According to the Australian Government Labour Market Information Portal, "resilient jobs" are classed as those that will statistically be around for a while. Resilient jobs now fall into a few broad categories:

  • Professionals
  • Health Care and Social Assistance
  • Construction
  • Education and training


These are, unsurprisingly, the jobs that people the world over came out of their homes to cheer about - those workers on the frontline of 2020, who kept us both safe and informed.

"Professionals" includes such jobs as:

  • Nurses
  • Midwives
  • Doctors
  • Psychiatrists
  • Paramedics
  • Ambulance personnel

Also included in this category are more specialised medical professions such as:

  • Speech professionals
  • Audiologists
  • Counsellors
  • Occupational therapists
  • Optometrists
  • Vets

Health Care and Social Assistance

Some of the professions below are known as the unsung heroes within our communities, and this has become more widely understood with the global pandemic.

Professions such as:

  • Aged care workers
  • Disability carers
  • Childcare workers
  • Welfare support and social workers
  • Security officers and guards


To house our ever-increasing population, builders and those associated with the construction industry will remain in demand. Builders not only build our homes, they also create the infrastructure to keep us moving; the shopping centres and car parks and other commercial structures we frequent in our daily lives. As our populations flock to urban centres, city planners and builders need more dense urban planning and dwellings.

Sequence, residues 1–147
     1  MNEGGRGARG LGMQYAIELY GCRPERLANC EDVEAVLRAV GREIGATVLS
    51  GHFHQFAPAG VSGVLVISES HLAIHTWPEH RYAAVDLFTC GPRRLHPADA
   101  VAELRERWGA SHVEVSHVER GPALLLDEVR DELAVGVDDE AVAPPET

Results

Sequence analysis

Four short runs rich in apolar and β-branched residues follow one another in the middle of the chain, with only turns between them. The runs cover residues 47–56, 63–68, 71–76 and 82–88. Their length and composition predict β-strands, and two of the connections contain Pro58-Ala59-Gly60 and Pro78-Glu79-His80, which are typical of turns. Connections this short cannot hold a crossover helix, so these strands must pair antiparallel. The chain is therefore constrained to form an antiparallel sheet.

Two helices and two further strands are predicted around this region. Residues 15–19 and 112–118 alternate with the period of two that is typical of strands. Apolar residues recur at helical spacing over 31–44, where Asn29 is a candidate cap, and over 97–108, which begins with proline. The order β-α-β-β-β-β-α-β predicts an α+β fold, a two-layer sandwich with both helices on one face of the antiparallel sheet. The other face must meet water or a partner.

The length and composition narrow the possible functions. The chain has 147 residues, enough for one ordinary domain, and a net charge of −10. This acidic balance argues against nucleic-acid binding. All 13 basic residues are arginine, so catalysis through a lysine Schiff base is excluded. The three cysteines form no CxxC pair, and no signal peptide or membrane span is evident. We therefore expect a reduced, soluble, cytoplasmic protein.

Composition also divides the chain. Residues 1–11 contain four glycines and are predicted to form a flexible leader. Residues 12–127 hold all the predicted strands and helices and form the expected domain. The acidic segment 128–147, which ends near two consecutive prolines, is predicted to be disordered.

"Construction" jobs include:

  • Builders
  • Plumbers
  • Carpenters and joiners
  • Building inspectors
  • Architects
  • Engineers
  • Site managers

Education and Training

We’ll always need teachers for our kids, but there’s a growing demand for adult and community education, as skill sets in the modern era need constant upgrading due to the fast-paced nature of the job market. The increase in unemployed Australians means that many people are now looking to upskill, on-skill or change professions completely with much of this training happening online.

The shock of sudden unemployment has left many people financially reeling and promising themselves they’ll never be caught unaware again. In fact, online learning has seen significant growth.

Job security in a high-tech world

According to a 2018 study by the Australian National University (ANU), feelings of job security and prospects of equivalent future employment vary widely by sector of employment, with retail workers feeling the least secure, while mining workers feeling the greatest sense of security. Retail also ended up being one of the most affected sectors globally during the COVID-19 pandemic in 2020.